L.A., they say, has that potential. The market is less established and thus easier to break into than Silicon Valley, where longtime connections and name recognition matter a lot more.
Los Angeles “doesn’t feel as much of a boys’ club,” said Jaclyn Shanfeld, co-founder and chief executive of Santa Monica-based Shop Hers, an online marketplace where users can buy and sell pre-owned luxury items. “Everyone is in the same position where we grow a community together, and nobody is so evolved and too good for it yet.”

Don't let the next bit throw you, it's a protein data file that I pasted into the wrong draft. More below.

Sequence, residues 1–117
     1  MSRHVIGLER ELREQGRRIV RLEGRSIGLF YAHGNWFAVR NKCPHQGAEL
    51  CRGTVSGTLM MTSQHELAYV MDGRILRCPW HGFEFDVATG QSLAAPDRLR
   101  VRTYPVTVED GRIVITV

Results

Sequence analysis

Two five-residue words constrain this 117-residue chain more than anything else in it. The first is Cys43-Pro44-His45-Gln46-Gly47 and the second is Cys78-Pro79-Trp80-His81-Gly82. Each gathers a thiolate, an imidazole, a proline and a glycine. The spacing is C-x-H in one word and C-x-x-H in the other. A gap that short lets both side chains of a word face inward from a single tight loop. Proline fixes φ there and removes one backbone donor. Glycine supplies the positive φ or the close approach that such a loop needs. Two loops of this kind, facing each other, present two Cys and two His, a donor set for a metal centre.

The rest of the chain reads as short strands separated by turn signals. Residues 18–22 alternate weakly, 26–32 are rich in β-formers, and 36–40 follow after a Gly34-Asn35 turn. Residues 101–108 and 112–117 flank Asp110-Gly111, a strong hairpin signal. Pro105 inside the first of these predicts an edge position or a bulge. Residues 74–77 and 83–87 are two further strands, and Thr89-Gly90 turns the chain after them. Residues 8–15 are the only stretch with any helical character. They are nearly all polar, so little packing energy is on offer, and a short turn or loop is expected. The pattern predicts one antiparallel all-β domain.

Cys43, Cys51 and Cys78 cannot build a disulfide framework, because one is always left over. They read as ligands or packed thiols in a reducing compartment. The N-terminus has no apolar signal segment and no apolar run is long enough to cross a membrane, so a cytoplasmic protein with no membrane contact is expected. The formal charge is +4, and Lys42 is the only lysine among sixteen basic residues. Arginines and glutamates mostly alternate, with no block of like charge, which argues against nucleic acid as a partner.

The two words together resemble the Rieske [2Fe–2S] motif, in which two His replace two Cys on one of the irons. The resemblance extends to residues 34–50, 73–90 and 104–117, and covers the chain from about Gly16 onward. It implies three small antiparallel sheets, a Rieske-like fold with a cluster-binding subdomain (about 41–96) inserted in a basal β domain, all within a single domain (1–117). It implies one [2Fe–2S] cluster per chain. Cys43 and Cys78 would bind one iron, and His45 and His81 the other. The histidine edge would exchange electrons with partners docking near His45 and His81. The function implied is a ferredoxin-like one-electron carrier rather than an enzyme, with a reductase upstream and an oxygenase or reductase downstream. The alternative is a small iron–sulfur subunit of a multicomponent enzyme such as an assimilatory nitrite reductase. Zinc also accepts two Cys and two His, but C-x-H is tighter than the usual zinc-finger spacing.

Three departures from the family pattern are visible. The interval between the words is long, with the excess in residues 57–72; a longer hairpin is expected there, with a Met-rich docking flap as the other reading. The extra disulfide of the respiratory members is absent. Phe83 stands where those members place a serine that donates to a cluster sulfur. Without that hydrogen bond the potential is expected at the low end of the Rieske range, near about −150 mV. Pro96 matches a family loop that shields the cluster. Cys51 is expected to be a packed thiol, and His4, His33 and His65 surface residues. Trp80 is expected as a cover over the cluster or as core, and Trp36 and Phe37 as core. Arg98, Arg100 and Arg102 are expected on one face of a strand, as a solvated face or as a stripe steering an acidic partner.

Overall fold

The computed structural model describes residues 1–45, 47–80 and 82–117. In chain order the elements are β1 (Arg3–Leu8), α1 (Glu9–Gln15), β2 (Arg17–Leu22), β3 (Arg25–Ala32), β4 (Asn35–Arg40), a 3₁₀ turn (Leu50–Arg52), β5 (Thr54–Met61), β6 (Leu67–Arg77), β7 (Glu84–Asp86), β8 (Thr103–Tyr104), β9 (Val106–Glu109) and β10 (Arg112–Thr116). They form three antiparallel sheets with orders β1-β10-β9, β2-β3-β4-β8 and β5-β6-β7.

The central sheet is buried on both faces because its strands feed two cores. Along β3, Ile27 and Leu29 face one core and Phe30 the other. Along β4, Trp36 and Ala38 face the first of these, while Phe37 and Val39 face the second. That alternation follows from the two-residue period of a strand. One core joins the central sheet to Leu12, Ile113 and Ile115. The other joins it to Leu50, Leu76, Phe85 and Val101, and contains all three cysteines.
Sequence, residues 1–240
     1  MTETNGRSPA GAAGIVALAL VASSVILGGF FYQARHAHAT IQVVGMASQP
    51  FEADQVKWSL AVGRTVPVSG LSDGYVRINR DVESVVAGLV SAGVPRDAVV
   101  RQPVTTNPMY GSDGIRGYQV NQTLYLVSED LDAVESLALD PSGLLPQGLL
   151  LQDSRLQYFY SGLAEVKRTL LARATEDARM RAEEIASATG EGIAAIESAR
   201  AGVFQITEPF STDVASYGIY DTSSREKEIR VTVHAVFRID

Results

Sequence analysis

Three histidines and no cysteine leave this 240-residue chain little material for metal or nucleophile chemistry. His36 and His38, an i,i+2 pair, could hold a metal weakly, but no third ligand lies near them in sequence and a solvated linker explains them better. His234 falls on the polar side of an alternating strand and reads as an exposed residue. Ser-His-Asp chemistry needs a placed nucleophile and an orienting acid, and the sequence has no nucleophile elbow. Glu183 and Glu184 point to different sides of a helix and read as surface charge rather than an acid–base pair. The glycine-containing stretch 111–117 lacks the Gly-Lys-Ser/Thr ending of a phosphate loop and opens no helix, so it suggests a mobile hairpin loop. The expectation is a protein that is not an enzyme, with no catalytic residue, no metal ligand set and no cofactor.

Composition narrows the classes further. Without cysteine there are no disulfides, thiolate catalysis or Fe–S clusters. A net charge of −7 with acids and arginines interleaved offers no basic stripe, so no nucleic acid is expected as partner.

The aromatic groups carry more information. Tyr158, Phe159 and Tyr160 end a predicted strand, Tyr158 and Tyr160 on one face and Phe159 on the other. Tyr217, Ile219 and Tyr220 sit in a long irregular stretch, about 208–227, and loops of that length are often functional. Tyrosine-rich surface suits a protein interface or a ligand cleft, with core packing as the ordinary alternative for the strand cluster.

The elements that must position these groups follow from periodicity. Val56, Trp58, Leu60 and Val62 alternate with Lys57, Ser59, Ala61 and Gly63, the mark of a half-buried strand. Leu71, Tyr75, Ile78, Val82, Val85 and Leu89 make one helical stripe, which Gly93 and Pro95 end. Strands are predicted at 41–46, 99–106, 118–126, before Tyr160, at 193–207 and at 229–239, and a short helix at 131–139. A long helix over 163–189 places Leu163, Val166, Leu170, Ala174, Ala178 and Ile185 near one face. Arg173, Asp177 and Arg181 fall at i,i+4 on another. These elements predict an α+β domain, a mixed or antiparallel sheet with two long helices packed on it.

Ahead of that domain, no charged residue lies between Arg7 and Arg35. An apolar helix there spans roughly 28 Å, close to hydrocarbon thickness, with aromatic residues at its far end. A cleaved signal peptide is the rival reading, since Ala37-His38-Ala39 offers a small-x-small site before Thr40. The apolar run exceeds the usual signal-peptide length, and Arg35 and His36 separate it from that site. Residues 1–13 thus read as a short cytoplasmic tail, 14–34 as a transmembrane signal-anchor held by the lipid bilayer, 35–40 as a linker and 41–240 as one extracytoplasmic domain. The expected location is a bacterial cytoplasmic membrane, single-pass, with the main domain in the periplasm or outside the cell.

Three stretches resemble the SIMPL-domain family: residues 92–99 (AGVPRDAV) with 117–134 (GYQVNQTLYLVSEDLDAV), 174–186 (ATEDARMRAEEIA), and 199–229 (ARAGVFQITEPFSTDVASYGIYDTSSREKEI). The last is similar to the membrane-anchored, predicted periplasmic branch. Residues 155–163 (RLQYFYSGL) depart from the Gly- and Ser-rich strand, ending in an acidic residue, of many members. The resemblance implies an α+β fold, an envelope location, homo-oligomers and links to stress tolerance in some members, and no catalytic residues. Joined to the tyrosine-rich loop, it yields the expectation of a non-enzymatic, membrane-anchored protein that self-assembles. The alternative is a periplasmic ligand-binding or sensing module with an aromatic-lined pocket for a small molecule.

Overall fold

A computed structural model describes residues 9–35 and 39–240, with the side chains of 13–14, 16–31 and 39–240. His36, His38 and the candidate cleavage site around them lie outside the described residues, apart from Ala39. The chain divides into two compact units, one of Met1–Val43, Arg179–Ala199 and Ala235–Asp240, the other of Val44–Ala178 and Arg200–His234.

To support one another, women have banded together, organizing regular tech salons, lectures, dinners and cocktail hours designed to bolster the female entrepreneur community. Some of the events are opportunities to hang out and discuss a variety of topics. Others are focused on a particular theme or concern, such as a recent panel dedicated to developing digital content for mothers.
“Half of the eyeballs on the Internet are women,” said Eva Ho, who recently started an early-stage technology fund called Susa Ventures in Los Angeles. “We need women building products for women. A lot of things come from the male perspective, especially in tech.”